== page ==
Figure 11: Radiation pattern of the antenna.

From the screenshots earlier, a very narrow beam is obtained with side lobes created outside the waveguide horn. The narrow beam formed is as expected since it is the characteristic of a horn antenna with reflector. The side lobes can be treated as a loss if its size is dominating the radiation pattern. In figure 9, 10, and 11, we can observe the value of directivity of the antenna is 36.64 dBi. Since the value is greater than 30 dBi, we can say the directivity is very good and fulfilling the requirement of the antenna. On the other hand, we have the value of its gain which is 36.62 dB as stated in figure 12 below. It is also a desired gain since the best value of gain falls in between the range of 30 to 40 dB. Theoretically, the value of the directivity and gain of the antenna is supposed to be the same value and in comparison, we have the values differ in a very small value. Hence, the overall performance of the antenna is very good and closer to what being expected theoretically.

Figure 12: 3D radiation pattern.

Figure 13: Power delivered plot.

Other information obtained is the power delivered plot as in figure 13 where at the frequency of 8.2 GHz, the total power delivered is 0.9344 Watt. In addition, the total radiated power of the antenna is 26.68 dBmW which is high enough as required.

Figure 14: E-field of the antenna.

Figure 15: H-field of the antenna.

Based on figure 14 and 15, at zero degree, the E-field of magnetic charges is parallel to yaxis while H-field of electrical charges is parallel to x-axis. Hence, at the same time, a perpendicular waves that resemble TEM waves formed at the rectangular feed of the horn that necessary to generates radiated fields in a stable state.

SIMULATION OF ANTENNA WITH a = 1000 mm.

The same antenna is simulated at the same frequency with the other value of a which is 1000 mm where a is the value of distance between the centre of the parabolic reflector to the aperture of horn antenna. The previous value being used is 700 mm and now we are comparing the results obtained and summarized in the table as below.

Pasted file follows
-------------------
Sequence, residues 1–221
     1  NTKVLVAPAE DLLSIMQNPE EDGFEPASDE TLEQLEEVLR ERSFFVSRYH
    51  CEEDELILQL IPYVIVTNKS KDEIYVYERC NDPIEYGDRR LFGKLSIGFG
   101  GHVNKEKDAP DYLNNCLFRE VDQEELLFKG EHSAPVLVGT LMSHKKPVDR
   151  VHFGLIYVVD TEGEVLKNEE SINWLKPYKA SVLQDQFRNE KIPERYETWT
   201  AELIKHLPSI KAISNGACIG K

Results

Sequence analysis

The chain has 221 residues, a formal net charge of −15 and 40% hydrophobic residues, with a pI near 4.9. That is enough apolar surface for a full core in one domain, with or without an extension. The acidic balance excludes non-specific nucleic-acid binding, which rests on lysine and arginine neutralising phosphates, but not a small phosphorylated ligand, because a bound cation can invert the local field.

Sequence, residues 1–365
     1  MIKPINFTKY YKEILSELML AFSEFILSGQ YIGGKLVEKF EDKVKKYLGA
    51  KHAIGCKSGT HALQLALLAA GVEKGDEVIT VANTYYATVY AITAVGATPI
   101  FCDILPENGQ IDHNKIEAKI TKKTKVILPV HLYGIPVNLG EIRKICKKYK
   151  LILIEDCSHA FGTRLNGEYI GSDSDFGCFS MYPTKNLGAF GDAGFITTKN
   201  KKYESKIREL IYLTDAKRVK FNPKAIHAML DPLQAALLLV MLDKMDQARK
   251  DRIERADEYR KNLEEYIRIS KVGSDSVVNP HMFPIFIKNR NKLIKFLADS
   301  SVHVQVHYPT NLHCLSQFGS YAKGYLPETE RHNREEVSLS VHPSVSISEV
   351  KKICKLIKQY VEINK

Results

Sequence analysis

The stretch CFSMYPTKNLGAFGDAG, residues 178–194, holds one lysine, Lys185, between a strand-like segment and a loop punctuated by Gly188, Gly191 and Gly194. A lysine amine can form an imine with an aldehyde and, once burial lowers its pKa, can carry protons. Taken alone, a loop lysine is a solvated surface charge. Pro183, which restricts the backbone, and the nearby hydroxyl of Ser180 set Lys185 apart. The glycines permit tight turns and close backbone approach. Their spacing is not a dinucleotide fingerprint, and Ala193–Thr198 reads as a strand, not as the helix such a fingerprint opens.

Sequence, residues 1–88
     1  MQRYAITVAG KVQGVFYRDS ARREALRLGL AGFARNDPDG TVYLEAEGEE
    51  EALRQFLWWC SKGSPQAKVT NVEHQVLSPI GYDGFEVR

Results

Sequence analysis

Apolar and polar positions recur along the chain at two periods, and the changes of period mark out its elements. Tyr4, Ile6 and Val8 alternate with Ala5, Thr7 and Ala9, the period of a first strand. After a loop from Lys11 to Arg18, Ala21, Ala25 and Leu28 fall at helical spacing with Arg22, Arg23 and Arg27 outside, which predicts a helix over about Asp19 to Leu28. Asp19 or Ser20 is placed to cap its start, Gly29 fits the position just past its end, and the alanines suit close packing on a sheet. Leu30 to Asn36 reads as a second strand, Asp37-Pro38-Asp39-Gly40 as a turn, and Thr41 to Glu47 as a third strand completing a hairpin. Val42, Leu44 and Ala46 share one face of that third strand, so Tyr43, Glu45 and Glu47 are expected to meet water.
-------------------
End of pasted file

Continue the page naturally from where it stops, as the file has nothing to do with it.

Table 3: Comparison of performances of antenna with different value of a. Characteristics being measured Directivity Gain Return loss at S-Parameter Total radiated power Power delivered at 8.2 GHz Horn antenna with a = 700 mm 36.64 dBi 36.62 dB -12.17 dB 26.68 dBm Watt 0.9344 Watt Horn antenna with a = 1000 mm 39.61 dBi 39.56 dB -25.7922 dB 26.93 dBm Watt 0.9974 Watt

The following figures show the result obtained after the simulation. From the comparison, it is clearly shows that the performance of the antenna is the best at the distance, a of 1000 mm. The farther distance of the horn being placed from the parabolic reflector ensures the radiated signal being reflected by the reflector more efficiently since the side lobes formed can still be reflected instead of losing the signal. The radiated power is at the maximum at frequency of 8.2 GHz causing the antenna is much better than the previous antenna with smaller distance of a.

Figure 16: S-Parameter of antenna with a = 1000 mm.

Figure 17: Radiation pattern of the antenna with a = 1000 mm.

Figure 18: Power delivered of the antenna with a = 1000 mm.

Figure 19: Polar plot of the antenna with a = 1000 mm.

CONCLUSION The design of a conical horn antenna fed by rectangular waveguide with parabolic reflector is very easy to be design using CST. However, the time domain transient solver used by the software cause the simulation to take so much time to complete the simulation. HFSS software is recommended to simulate such a complex design because it can simulate by frequency domain solver in a sweep of time. The antenna is working at the given frequency of 8.2 GHz with necessary dimensions. The analysis of the overall results of the antenna strongly suggests that the antenna has achieves its desired performance in terms of directivity and gain with 36.64 dBi and 36.62 dB respectively. The radiation fields obtained was a narrow beam that also resembled a characteristic of a horn antenna with parabolic reflector. Return loss on the SParameter plot of less than -10 dB also proved that a maximum power transfer occurred and thus ensures the best performance of the antenna. In addition, polar plot formed shows that the antenna has small side lobes compared to its main lobe. This is a desired performance since the outgoing waves from the horn successfully propagate in the behaviour of TEM waves toward the reflector. The comparison between two antennas with different distance from its reflector shows that the farther distance performed the best achievement with maximum power transfer at the required frequency of 8.2 GHz.

10